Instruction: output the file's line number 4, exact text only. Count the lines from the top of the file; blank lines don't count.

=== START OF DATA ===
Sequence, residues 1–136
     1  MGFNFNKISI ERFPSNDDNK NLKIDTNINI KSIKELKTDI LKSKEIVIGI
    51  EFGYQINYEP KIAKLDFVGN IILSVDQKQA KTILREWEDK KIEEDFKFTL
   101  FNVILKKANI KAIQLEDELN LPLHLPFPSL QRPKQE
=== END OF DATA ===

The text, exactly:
   101  FNVILKKANI KAIQLEDELN LPLHLPFPSL QRPKQE